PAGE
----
Keywords: book value; cash flows; K-IFRS; net income; operating cash flows; operating income; value relevance.
Random walk model and asymmetric effect in Korean composite stock price index
by Divya Aggarwal
Abstract: This paper empirically examines the market efficiency and the volatility persistence of weekly stock returns of the Korean composite stock price index (KOSPI) from July 1997 to September 2016. It studies the market efficiency in the presence of both linear and nonlinear dependence in the stock price series, along with testing for structural breaks in the data. By employing various econometric tests, evidence was found of weekly series not following a random walk model along with asymmetric volatility effects. The results have significant implications for investors and traders as market inefficiency can impact both domestic and foreign flows in an economy. This study is unique as it employs multiple tests for market efficiency along with examining volatility persistence over a wide time frame of almost two decades. Because the results on market efficiency are mixed for Korean stock market, this study aims to offer a more comprehensive picture.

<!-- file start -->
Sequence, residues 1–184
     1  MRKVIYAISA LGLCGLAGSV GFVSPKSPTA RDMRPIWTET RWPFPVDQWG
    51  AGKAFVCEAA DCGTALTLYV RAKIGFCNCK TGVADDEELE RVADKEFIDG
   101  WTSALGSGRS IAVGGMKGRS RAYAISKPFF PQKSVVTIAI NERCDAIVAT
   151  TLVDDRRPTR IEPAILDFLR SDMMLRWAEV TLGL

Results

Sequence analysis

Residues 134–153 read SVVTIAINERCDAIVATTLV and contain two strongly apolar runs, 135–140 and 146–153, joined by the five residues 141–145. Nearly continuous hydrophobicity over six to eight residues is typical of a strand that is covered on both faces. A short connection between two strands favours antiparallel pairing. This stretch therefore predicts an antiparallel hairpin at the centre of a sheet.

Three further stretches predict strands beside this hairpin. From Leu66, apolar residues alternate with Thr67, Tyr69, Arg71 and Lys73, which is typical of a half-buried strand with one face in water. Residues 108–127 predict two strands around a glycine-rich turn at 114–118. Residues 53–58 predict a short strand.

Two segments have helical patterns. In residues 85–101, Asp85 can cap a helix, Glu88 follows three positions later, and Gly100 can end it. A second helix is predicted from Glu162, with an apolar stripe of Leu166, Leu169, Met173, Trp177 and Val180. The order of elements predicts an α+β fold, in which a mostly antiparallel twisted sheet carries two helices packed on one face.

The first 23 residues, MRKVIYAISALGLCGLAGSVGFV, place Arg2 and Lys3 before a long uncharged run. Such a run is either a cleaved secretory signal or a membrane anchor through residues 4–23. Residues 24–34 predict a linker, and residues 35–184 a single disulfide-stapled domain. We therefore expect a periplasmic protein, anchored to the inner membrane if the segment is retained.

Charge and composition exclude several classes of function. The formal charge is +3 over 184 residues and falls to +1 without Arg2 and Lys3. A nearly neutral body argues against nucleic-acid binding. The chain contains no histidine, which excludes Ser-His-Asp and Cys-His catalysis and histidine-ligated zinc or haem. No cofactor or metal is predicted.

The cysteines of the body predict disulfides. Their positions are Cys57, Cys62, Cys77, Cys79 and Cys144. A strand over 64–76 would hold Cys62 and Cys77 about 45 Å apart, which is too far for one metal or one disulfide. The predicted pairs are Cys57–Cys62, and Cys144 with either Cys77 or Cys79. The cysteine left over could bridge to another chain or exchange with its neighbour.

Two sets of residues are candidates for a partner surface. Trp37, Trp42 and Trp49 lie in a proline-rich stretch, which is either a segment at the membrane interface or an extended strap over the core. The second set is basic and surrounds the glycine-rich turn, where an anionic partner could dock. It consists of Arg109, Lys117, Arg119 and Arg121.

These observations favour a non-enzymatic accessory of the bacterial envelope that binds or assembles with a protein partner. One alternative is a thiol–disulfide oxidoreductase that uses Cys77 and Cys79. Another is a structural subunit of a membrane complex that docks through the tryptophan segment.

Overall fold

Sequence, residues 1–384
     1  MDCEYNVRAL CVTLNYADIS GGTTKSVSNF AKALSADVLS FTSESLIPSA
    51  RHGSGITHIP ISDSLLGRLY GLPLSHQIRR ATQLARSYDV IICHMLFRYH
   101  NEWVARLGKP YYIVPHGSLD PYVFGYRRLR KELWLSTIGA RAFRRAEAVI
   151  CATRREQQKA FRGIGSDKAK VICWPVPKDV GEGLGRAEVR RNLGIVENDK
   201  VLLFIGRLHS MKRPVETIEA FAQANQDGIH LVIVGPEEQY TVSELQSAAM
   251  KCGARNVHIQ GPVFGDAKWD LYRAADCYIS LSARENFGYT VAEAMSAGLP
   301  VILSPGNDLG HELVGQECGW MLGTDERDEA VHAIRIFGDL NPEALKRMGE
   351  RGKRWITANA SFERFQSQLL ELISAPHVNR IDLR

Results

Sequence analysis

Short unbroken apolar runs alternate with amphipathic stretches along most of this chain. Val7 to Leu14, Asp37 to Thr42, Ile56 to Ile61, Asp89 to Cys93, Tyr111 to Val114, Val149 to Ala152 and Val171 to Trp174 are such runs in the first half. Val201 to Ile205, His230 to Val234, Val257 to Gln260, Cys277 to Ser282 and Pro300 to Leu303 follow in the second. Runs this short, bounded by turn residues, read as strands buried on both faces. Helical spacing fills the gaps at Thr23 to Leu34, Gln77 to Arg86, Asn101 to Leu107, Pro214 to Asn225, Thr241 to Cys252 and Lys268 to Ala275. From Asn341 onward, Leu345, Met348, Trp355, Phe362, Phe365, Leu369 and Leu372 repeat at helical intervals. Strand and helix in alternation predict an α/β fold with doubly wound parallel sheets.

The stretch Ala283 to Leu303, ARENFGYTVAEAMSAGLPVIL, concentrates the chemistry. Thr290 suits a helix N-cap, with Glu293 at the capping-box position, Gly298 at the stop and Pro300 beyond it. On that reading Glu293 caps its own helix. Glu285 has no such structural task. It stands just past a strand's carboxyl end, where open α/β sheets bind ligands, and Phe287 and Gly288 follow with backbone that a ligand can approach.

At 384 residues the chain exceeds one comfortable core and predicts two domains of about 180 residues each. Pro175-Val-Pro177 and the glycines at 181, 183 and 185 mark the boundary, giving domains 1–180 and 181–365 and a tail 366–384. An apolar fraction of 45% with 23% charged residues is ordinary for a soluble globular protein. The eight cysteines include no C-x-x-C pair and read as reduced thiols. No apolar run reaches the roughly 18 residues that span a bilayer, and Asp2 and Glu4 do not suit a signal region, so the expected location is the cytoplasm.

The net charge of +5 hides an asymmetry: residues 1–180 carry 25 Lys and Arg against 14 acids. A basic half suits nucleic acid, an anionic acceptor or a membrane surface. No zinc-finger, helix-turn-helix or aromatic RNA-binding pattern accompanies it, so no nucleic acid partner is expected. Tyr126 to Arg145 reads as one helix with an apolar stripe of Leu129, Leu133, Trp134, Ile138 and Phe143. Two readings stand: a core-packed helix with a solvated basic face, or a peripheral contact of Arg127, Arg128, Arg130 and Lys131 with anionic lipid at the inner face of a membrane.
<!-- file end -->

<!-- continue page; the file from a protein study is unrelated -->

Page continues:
Keywords: KOSPI; random walk model; auto regressive conditional heteroscedasticity; volatility; asymmetric.
Impact of corporate social responsibility on firms performance; evidence from non-financial sector of Pakistan
by Burhan Rasheed, Noman Arshed, Zohair Farooq Malik, Mohyuddin Tahir Mahmood